At the latest United Nations environment summit, pollution topped the agenda. The man leading the UN’s quest to clean up the planet hopes this meeting will act as the wake-up call countries need and that the fight will include the world of business.
Erik Solheim is the head of the United Nations’ Environment Programme (UNEP).
He spoke to EURACTIV environment reporter Sam Morgan after UNEP’s 3rd assembly wrapped up in Nairobi, Kenya.
This edition of the environment assembly was meant, in your own words, to put the issue of pollution higher on the political agenda. Do you think it has succeeded in achieving that?
The Environment Assembly has been a turning point, but the proof will of course be dependent on what concrete action is taken as a result. What we tried to do was very ambitious – that is to put nearly all forms of pollution issues on the table in a single summit. It’s now up to the 193 member states to take the content of the adopted resolutions back to their capitals and transform them into policy action.
A good example is on the issue of marine pollution, in particular on plastics. No country in the world has a policy to throw plastic waste into the oceans, but this is happening on an enormous scale. This is really because the issue has never been really thought about seriously, but we’ve been able to present the data and the science, and I sincerely hope member states will now be spurred into action and correct the policy gap.
Have we reached a tipping point of sorts then, particularly in the Western world, where pollution is no longer an acceptable facet of everyday life for the public?
Certainly, yes. Pollution is a clear consequence of unbridled development, and I’m convinced that people in the Western world now expect more than just material wealth. They also demand a clean environment. Pollution is no longer an acceptable trade-off for material wealth.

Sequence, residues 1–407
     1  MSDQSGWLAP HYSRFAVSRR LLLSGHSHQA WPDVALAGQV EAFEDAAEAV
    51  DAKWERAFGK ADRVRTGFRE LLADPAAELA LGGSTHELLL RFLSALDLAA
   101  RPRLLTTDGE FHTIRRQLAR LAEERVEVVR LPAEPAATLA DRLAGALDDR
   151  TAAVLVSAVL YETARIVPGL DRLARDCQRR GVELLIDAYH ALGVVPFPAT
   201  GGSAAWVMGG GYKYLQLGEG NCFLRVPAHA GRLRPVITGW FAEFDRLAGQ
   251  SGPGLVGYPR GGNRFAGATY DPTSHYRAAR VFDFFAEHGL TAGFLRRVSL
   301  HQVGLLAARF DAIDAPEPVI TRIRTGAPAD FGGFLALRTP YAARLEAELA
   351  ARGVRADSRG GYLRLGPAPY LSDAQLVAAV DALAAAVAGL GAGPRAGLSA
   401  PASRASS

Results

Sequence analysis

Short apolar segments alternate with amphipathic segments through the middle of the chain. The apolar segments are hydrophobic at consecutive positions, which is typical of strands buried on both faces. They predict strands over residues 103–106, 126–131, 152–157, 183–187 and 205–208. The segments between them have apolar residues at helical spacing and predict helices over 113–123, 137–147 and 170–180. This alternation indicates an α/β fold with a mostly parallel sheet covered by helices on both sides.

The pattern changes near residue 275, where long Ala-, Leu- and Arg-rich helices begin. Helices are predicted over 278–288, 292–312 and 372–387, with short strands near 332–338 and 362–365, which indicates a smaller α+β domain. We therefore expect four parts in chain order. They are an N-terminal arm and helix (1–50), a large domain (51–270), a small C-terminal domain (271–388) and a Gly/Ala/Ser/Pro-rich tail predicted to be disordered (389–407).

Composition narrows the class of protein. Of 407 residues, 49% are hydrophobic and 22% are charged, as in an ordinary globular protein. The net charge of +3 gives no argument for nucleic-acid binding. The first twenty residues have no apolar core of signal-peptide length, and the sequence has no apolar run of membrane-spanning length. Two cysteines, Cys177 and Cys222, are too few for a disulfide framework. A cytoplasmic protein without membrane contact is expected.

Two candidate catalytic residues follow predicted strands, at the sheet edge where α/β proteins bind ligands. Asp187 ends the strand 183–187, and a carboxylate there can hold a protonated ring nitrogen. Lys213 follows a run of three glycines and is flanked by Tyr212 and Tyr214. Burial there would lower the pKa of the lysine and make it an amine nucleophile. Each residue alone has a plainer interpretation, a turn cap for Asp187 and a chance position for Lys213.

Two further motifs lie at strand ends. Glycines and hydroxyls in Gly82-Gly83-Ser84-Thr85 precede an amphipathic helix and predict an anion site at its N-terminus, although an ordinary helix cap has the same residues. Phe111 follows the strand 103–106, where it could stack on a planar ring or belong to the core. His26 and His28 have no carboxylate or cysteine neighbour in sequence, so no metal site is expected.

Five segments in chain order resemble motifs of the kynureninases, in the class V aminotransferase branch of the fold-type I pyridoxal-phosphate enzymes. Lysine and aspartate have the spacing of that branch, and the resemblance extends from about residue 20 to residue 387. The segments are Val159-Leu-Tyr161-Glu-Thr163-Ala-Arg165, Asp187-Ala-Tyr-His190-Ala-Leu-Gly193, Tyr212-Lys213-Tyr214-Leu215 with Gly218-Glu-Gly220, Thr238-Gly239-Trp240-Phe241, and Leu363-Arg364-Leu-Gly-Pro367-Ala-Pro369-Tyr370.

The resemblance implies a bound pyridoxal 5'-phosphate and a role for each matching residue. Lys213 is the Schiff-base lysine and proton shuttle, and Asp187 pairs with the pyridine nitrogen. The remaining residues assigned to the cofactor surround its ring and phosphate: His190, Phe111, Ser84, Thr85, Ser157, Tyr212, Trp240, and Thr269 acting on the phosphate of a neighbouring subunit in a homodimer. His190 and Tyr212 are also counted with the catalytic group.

You said at the beginning of the assembly that we should have a discussion about legal bans on things like plastics but that you’re also hopeful we will not need them. Could you explain what you mean by that?
Let me be clear on one thing: plastics are not the problem, it’s what we do with them. Plastics and polymers are also crucial building blocks of a green economy – for example in solar panels, wind turbines or lighter-weight chassis materials that increase the energy efficiency of many types of vehicles. Even at the most basic level, things like plastic containers in the kitchen can cut down food waste.
The big need here is for behavioural change on a massive scale, as well as better waste management. Behavioural change not only applies to consumers, but also to manufacturers and retailers. They need to take responsibility not only for their products, but for the packaging too. If that change can happen quickly through incentives and awareness, that’s a good thing. In some cases, however, legislation may well be necessary, but there is no one-size-fits-all policy.
It’s 30 years since the Montreal Protocol and the Minamata Convention came into force this year. Both were the result of large wake-up calls that pushed countries to support international agreements. Do you think other environmental issues, like marine litter or lead poisoning, need a watershed moment in order for nations to once again wake up and do something?
Absolutely, and we’re trying our best to sound the alarm. Just like the ozone layer, we cannot afford to wait until our oceans are transformed into a plastic swamp. I think we’ve reached a turning point on some of these issues, because a few years ago few people were even aware of them as a major concern. Both the Montreal Protocol and the Minamata Convention are proof that global action is possible.